The fundamental theorem of poker is a principle first articulated by David Sklansky that he believes expresses the essential nature of poker as a game of decision-making in the face of incomplete information.
“Every time you play a hand differently from the way you would have played it if you could see all your opponents’ cards, they gain; and every time you play your hand the same way you would have played it if you could see all their cards, they lose. Conversely, every time opponents play their hands differently from the way they would have if they could see all your cards, you gain; and every time they play their hands the same way they would have played if they could see all your cards, you lose.”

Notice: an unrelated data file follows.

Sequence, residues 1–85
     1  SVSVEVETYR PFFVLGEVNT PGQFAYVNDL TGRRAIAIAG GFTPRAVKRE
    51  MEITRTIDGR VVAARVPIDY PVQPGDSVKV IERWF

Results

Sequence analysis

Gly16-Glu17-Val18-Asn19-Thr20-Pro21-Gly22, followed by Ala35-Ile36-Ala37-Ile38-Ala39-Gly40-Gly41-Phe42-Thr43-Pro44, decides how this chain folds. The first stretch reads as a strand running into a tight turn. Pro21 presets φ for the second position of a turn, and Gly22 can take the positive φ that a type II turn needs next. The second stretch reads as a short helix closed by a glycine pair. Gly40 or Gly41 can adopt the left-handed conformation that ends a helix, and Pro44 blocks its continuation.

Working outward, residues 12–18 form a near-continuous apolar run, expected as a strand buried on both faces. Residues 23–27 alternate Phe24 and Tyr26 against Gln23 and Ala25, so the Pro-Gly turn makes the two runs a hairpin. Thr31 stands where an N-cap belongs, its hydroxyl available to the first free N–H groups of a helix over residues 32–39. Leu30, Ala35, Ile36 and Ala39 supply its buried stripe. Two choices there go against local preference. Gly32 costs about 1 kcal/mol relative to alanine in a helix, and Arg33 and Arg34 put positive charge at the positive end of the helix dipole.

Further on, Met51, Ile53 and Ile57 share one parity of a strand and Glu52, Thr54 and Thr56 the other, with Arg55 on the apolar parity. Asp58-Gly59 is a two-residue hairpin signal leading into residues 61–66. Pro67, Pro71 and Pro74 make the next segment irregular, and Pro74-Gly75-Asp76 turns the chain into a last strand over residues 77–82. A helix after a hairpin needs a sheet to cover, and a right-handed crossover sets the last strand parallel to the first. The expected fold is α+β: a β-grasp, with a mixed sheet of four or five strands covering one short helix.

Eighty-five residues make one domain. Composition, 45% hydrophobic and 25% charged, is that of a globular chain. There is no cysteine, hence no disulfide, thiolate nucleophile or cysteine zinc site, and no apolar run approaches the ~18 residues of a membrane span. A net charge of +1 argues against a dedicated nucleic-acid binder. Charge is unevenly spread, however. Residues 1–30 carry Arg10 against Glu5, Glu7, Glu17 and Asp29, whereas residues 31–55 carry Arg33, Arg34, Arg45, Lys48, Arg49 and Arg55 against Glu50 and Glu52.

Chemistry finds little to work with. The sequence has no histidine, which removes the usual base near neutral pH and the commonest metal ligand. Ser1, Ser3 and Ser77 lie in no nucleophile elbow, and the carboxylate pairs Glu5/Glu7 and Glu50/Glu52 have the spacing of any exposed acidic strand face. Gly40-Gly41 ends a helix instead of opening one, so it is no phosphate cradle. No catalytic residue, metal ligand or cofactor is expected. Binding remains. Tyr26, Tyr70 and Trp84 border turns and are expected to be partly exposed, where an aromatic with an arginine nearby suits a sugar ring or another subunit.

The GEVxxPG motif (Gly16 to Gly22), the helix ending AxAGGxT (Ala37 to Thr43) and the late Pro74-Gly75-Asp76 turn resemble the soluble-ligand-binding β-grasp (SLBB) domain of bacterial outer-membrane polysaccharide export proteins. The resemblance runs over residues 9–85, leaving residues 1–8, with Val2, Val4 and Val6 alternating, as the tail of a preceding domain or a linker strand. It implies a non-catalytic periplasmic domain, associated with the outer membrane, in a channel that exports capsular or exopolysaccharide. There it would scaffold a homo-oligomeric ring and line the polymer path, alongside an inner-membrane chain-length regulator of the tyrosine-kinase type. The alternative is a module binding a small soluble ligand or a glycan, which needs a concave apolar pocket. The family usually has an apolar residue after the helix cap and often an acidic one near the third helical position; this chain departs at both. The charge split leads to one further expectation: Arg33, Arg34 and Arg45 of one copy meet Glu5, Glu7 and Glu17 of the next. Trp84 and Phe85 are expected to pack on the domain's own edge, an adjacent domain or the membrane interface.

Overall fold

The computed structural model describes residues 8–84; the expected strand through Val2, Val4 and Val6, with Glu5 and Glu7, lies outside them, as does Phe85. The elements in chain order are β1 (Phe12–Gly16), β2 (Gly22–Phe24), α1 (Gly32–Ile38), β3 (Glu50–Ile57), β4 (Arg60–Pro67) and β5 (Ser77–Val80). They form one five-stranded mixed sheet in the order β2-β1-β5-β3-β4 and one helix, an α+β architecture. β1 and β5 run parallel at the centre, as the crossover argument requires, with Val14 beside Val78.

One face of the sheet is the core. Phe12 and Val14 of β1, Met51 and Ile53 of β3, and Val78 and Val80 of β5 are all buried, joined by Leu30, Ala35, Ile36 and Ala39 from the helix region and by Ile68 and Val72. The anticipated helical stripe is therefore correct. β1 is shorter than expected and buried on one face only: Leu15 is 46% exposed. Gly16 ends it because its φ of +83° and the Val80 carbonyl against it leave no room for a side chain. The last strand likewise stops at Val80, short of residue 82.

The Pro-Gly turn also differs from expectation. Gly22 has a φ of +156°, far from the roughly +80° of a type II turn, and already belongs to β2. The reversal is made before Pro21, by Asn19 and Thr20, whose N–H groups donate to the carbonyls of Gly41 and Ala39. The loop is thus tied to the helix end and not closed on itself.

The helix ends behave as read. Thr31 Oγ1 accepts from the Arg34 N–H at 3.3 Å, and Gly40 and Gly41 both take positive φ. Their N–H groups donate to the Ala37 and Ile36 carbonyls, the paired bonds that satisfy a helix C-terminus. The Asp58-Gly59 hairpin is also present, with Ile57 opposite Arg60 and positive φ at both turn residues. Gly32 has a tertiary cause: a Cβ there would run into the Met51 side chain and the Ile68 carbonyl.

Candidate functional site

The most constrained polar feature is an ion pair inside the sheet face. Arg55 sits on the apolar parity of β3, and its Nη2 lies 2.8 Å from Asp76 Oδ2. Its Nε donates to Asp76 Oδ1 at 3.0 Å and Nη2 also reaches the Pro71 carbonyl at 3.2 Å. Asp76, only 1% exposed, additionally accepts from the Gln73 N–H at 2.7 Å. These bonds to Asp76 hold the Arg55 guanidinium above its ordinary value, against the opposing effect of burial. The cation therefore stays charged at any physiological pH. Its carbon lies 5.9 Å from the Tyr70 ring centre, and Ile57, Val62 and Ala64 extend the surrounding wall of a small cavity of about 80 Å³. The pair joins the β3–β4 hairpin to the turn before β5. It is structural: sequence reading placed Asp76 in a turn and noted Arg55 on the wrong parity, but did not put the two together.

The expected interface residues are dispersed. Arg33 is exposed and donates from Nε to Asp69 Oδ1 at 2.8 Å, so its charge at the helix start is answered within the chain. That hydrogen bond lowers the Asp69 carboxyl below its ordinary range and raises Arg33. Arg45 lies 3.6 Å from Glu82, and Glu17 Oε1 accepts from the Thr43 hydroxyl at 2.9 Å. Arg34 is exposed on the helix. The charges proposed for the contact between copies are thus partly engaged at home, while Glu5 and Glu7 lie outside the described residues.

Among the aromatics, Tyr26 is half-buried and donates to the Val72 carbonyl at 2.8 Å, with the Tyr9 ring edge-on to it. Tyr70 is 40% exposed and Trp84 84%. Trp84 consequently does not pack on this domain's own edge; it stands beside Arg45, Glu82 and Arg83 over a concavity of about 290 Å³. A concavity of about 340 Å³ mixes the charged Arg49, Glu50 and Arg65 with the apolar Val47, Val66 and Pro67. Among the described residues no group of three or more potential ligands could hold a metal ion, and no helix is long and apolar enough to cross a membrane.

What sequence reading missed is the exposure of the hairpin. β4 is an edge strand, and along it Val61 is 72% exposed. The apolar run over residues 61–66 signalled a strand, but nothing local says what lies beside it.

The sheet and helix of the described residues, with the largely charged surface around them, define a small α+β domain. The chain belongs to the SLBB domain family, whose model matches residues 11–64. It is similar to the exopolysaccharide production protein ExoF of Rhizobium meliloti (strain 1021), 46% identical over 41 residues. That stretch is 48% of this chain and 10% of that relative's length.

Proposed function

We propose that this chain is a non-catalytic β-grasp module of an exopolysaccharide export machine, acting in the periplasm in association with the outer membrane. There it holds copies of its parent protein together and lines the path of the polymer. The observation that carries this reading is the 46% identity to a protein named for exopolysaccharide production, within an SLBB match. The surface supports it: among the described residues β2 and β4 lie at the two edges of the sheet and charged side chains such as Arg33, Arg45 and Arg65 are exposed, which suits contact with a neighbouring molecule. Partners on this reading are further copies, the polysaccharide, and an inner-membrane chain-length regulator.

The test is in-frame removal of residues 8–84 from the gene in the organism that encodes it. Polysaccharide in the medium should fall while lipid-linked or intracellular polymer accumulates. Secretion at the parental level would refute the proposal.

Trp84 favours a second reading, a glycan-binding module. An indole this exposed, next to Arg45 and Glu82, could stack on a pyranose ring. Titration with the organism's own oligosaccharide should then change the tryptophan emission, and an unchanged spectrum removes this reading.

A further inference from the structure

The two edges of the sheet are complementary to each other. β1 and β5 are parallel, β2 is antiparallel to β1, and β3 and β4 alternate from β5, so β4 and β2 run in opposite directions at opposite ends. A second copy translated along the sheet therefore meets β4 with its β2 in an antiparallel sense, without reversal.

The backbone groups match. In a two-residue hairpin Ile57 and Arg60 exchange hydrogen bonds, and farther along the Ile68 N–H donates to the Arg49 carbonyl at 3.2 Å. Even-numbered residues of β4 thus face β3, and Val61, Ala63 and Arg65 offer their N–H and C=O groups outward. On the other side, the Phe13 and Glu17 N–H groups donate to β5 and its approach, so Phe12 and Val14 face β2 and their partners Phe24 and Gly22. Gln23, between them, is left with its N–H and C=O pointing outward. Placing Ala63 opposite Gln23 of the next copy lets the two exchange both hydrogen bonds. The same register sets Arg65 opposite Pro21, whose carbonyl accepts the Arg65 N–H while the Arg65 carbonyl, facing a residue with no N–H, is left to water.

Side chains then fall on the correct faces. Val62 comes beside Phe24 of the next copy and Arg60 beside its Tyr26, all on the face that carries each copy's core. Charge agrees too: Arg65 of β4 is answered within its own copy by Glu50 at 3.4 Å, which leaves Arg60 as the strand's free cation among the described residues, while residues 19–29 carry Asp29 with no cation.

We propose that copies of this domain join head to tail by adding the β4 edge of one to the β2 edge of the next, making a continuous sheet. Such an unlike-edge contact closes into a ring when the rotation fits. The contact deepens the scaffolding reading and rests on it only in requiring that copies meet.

The fundamental theorem is stated in common language, but its formulation is based on mathematical reasoning. Each decision that is made in poker can be analyzed in terms of the expected value of the payoff of a decision. The correct decision to make in a given situation is the decision that has the largest expected value. If you could see all your opponents’ cards, you would always be able to calculate the correct decision with mathematical certainty. (This is certainly true heads-up but is not always true in multi-way pots.) The less you deviate from these correct decisions, the better your expected long-term results. This is the mathematical expression of the Fundamental Theorem.